There are quite a lot of Python Sudoku solvers on this site, but my question is more about style , structure, design and (if I can coin a phrase) Pythonicity (ie is it Pythonic) rather than specifically how I can improve the Sudoku solver. The code just happens to be for that. (They're good first projects..). I'm trying to get into good habbits early.

My questions are:

  • Am I going over the top in my comments ?

  • Am I going about things in a Pythonic manner or can some of what I'm trying to do be done more Pythonically ? (I come from a C++ background)

  • Should I be doing file-handling in the constructor ?

  • Possibly exception handling round the file handling I haven't tested for exceptions..

  • Any design flaws as yet (it's only the constructor, but hey disasters can start early)

There is a comment that starts DON'T THINK I CAN USE THIS and it's concerning whether I can do file handling with 'with', I don't think I can in this situation.

Finally: Is the code clear enough to communicate what I'm trying to achieve without any further info ?

    class a_square:
        A single Sudoku square, answers will be a list containing a range
        1 to and including 9 as possible answers. When the list gets down
        to 1 element, then that'll be that square solved. And as possible
        answers are whittled away, thus answers elements will be deleted.
        def __init__(self,  answers, row, col):
            self.answers = answers
            self.row = row
            self.col = col
    class Board:
        The main class containing all 81 squares and will contain other
        methods such as Solve() etc. Probably some more 'private' methods
        SQUARES_PER_SIDE = 9
        all_squares = []
        def __init__(self):
            Constructor reads in 9 user strings, each character/number being
            the number in that column. Each string being nine characters and
            thus nine squares. Input a string nine times and there's the 81
            squares in a sudoku board. Any character can be used to signify an
            unknown or empty square. Eg:
    # Can't load and save at the same time
            flag = None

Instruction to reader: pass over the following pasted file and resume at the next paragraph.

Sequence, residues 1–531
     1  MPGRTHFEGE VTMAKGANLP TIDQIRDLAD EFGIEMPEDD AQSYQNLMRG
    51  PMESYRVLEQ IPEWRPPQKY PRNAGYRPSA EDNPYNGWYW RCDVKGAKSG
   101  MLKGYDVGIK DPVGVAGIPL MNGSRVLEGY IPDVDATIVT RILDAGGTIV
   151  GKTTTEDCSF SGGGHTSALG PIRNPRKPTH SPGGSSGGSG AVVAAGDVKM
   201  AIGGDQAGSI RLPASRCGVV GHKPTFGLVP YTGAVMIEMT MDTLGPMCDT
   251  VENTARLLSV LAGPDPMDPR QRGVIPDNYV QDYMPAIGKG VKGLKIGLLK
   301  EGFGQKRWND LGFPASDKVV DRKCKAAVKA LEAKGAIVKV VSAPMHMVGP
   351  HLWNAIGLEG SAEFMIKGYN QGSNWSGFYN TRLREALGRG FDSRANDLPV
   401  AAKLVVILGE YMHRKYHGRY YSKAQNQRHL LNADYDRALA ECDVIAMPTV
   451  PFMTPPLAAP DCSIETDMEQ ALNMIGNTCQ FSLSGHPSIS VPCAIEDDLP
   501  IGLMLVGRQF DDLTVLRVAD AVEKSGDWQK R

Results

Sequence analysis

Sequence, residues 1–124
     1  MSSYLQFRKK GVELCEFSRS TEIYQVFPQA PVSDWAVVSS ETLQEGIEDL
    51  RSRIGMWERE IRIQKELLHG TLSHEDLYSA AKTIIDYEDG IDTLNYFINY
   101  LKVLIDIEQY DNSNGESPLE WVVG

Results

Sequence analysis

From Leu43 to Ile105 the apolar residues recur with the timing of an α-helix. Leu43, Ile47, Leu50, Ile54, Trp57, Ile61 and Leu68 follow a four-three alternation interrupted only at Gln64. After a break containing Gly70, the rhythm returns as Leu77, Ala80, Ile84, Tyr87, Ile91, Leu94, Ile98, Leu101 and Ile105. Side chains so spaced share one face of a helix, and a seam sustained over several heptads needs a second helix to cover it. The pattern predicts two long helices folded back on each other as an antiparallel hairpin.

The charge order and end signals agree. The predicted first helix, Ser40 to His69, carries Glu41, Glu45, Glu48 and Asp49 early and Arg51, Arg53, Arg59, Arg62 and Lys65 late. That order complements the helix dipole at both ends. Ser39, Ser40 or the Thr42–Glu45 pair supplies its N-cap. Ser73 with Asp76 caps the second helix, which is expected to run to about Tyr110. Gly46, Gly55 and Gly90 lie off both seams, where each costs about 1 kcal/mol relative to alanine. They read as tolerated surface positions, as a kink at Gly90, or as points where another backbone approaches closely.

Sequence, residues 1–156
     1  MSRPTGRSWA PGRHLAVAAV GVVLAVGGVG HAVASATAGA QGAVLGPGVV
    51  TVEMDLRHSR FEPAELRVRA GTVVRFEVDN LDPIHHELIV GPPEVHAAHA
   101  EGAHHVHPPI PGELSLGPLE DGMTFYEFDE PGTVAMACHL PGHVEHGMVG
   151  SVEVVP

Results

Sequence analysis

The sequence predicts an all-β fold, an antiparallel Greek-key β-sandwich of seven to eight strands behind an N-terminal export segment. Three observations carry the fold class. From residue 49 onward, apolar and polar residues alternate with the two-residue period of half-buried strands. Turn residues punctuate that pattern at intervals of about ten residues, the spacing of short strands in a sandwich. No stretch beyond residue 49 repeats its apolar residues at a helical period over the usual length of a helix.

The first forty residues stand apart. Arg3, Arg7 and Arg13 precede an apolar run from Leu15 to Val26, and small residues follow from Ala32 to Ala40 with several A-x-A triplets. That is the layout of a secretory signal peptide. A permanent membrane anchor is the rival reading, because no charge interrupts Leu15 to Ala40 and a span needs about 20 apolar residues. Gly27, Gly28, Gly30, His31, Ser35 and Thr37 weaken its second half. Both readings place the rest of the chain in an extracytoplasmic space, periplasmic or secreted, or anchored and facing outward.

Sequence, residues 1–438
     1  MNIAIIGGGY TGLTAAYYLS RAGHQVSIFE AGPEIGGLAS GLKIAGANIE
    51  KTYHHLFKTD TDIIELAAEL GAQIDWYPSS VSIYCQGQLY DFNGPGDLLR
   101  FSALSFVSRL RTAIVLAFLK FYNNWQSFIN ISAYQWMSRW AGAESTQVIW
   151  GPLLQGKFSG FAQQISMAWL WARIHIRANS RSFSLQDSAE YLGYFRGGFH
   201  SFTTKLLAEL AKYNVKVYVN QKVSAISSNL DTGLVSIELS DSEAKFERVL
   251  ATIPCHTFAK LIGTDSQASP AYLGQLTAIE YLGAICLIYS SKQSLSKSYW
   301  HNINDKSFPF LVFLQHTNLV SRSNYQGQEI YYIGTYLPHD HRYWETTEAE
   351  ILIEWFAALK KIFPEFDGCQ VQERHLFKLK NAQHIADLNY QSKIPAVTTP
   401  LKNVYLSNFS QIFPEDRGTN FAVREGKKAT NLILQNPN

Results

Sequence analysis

pre_saved = input("Load a pre-saved board (y/n): ")
            if pre_saved is "y":
                flag = "r"
                choice = input("Do you want to save this board for later (y/n): ")
                if choice is "y":
                    flag = "w"
        def __recieve_rows_of_squares(self, flag):
            Each row of squares is represented by a string, each character being
            the value of the square. 'Row Strings' can be either loaded from pre-
            existing file or saved to a file or just inputed with no file handling:
            flag will be passed to open() and be "w"/"r"/None.
            Files are in directory 'boards/' and have file ext '.sod'
            if flag is not None:
                stateStr = "LOADED"
                if flag == "w":
                    stateStr = "saved"
                boardname = input("Please input board name to be " + stateStr + ": ")
                boardname = "./boards/" + boardname + ".sod"
                board_file = open(boardname, flag)
    # DON'T THINK I CAN USE THIS open('output.txt', flag) as board_file:
    # Reading input strings and adding squares to the list of all_squares
            row_count = 0
            while(row_count < self.SQUARES_PER_SIDE):
                if flag is "r":
                    digitsStr = board_file.readline().rstrip()
                    digitsStr = input(("Digits for row {} ".format(row_count+1)))
                if len(digitsStr) != self.SQUARES_PER_SIDE:
                    print("input for row should be 9 digits long")
                    if flag is "w":
                        board_file.writelines((digitsStr + "\n"))
                    self.__turn_string_into_squares(row_count, digitsStr)
                    row_count += 1
            if flag is not None:
        def __turn_string_into_squares(self, a_row, a_string):
    # You can have any char as a space eg 1..2--0%5 will => 100200005
                column = 0
                for a_numStr in a_string:
                    temp = a_square([range(1, 10)], a_row, column)
                    if a_numStr.isdigit():
                        if a_numStr is not "0": # Zeros can be blank squares too
                            temp = a_square([int(a_numStr)], a_row, column)
                    column += 1
    a_board = Board()
    print("finished") # This line is just for debugging purposes

a_board will contain 81 squares of either an answer or a list of 1 to 9 possible answers depending on 9 input strings of nine characters long from the user. Each string will contain numbers, or any other character to denote an unsolved square.



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